Case Histories by Kate Atkinson

Case Histories by 

Kate Atkinson

Reviewed by L.D.Y.

Hardcover (available in trade), 304 pages, 2004

Rating: 10/10

Reason for Reading: I’ve been in love with Atkinson’s writing since I read her

first book, Behind the Scenes at the Museum.

Synopsis: Private investigator Jackson Brodie has three cases on his hands:

there’s Amelia and Julia, middle-aged sisters pushed by the death of their father and a

subsequent discovery to finally find out what happened to their sister Olivia, who was just

three when she vanished; a woman searching for her niece; and a devastated father still

hoping to track down his daughter’s killer a decade later. Can Brodie help close their open

wounds, or have the passing years taken away the possibility of redemption?

Why you should read this book: Most literary authors seem to avoid the ‘less

prestigious’ crime/mystery genres like the plague, but that’s left the door wide open for

Atkinson to do an amazing job with her topic. It’s the story of what happens to crime

victims’ families years down the road, long after everyone else has forgotten and moved on with their lives. Heartbreakingly unable to turn their backs on their pasts, these charactors cannot or will not give up the hope that answers may one day soothe their wounded souls. Atkinson pulls the

reader through the book’s mysteries with fully-formed characters that come alive in their frailities, determination, and inquisitiveness. Case Histories explodes with emotions, from the desperate hope of a last resort to the anguish of wishing you’d done things differently to the quieter joys of finding something you might not have even been searching for. A must-read whether you prefer

straight-forward literary fiction or mystery novels, because Atkinson blends them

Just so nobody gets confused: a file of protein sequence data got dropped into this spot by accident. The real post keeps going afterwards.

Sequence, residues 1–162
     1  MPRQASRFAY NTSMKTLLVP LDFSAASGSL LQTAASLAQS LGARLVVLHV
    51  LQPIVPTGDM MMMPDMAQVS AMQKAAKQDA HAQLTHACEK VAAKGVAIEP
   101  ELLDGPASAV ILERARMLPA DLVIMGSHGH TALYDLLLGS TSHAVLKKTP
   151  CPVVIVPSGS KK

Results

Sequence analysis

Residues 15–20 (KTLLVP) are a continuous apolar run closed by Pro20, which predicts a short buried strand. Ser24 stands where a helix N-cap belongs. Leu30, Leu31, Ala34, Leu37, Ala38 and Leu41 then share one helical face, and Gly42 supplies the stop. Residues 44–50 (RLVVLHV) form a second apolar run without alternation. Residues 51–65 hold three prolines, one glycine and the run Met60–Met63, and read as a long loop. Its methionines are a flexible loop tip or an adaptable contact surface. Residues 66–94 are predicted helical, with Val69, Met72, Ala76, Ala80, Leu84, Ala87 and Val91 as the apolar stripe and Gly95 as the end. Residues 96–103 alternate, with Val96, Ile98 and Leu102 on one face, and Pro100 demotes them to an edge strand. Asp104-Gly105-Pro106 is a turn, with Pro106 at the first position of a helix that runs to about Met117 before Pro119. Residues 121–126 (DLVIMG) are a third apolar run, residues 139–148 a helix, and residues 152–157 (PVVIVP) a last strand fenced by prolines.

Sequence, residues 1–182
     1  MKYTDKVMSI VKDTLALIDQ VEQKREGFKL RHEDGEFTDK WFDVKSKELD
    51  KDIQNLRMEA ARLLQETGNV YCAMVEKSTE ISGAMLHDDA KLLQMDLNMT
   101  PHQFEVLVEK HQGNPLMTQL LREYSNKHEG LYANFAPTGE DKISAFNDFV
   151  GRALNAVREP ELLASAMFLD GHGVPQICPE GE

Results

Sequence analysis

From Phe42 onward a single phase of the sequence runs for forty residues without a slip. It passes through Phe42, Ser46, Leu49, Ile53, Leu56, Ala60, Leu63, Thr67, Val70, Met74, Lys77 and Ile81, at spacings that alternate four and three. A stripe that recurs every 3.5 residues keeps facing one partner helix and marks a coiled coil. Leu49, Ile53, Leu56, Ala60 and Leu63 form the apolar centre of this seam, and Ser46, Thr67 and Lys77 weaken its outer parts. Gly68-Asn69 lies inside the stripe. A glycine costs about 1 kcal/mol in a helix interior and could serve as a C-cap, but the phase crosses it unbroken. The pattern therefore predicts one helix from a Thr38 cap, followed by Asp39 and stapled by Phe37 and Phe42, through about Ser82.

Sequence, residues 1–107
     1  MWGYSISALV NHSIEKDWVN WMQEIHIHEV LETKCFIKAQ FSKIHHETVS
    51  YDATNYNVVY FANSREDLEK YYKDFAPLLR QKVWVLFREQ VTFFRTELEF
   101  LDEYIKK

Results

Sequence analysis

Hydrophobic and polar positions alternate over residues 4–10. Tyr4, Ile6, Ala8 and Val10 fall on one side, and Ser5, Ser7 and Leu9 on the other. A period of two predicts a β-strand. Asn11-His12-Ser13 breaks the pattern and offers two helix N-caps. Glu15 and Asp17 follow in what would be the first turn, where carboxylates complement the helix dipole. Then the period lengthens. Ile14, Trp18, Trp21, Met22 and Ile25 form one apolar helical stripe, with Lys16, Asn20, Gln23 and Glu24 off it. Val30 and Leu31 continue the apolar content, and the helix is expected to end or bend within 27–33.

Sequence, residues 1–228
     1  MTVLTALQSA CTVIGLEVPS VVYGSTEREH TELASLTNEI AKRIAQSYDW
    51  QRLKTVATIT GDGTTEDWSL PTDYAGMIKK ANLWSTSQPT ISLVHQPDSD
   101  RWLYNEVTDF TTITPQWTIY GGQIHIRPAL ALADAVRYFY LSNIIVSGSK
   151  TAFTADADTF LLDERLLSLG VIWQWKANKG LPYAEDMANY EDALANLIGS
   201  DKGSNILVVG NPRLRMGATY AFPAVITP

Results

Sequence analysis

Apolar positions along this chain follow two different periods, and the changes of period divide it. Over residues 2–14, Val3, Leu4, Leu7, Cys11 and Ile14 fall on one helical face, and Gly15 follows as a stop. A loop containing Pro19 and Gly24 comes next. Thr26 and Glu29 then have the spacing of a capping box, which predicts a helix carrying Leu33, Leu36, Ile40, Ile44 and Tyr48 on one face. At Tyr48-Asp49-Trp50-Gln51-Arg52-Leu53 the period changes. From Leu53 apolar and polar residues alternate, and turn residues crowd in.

Why you should avoid this book: Not for the mystery reader wanting the thrills and

suspense of chasing a ‘fresh’ crime. The ending might be a little too pat for some,

considering the arduous circumstances Brodie is facing.

Opening paragraph:

How lucky were they? A heat wave in the middle of the school holidays, exactly

where it belonged. Every morning the sun was up long before they were, making a mockery of

the flimsy summer curtains that hung limply at their bedroom windows, a sun already hot and

sticky with promise before Olivia even opened her eyes. Olivia, as reliable as a rooster,

always the first to wake, so that no one in the house had bothered with an alarm clock since

she was born three years ago.

Fabulous quotes:

Sometimes Michelle tried to remember what it was like before the baby came, when

it had been just the two of them and they could lie in bed all day, and have feverish,

exhausting sex and then eat toast and jam and watch television on the tiny black-and-white

set that they used to have at the foot of the bed until Michelle knocked it over because

Keith was watching the snooker (on a black-and-white set, what was the point of that?) and

the baby was screaming and she just couldn’t do it any more.
She did love them,

she really did. She just couldn’t feel it.
They weren’t bonded together, they were like

molecules, molecules that couldn’t bond together into stable elements and instead bounced

around like bingo balls. She should have done science, not spent all her time with her head

in novels. Novels gave you a completely false idea about life, they told lies and they

implied there were endings when in reality there were no endings, everything just went on

and on and on.

‘More tea, Mr Brodie?’ Julia asked, pouring the tea without waiting for an

answer. ‘”And is there honey still for tea?” Yes, there most certainly is and we shall have

it on our scones. Milly, do you want honey on your scones?’
At least the tea in the

Orchard Tea Rooms was decent, unlike Binky’s. Julia’s little finger had a scar, like a thin

silver ring, than ran all the way round it. She had it crooked, in a very ladylike way, as

she drank her tea. She caught Jackson looking at it. ‘Chopped it off,’ she said breezily.

Amelia snorted. ‘Accidentally,’ Julia added. Amelia snorted again. ‘You’ll turn into a pig

if you carry on like that, Milly,’ Julia said.

Also recommended: Middlesex by Jeffrey Eugenides; Mercy Among the

Children by David Adams Richards; The Effects of Light by Miranda Beverly-Whittemore.

Also by this author: Behind the Scenes at the Museum; Human Croquet;

Abandonment; Emotionally Weird; Not the End of the World.

Fun tidbit: Ooo, Kate Atkinson’s top ten

favourite novels, which include works by Nabokov and Vonnegut.

Would I read more by this author? Yes, yes, and yes! I love this woman! Her

writing just gets better and better – she’s definitely one of my favourite authors.

&#169 Lisa Yanaky 2003-2005

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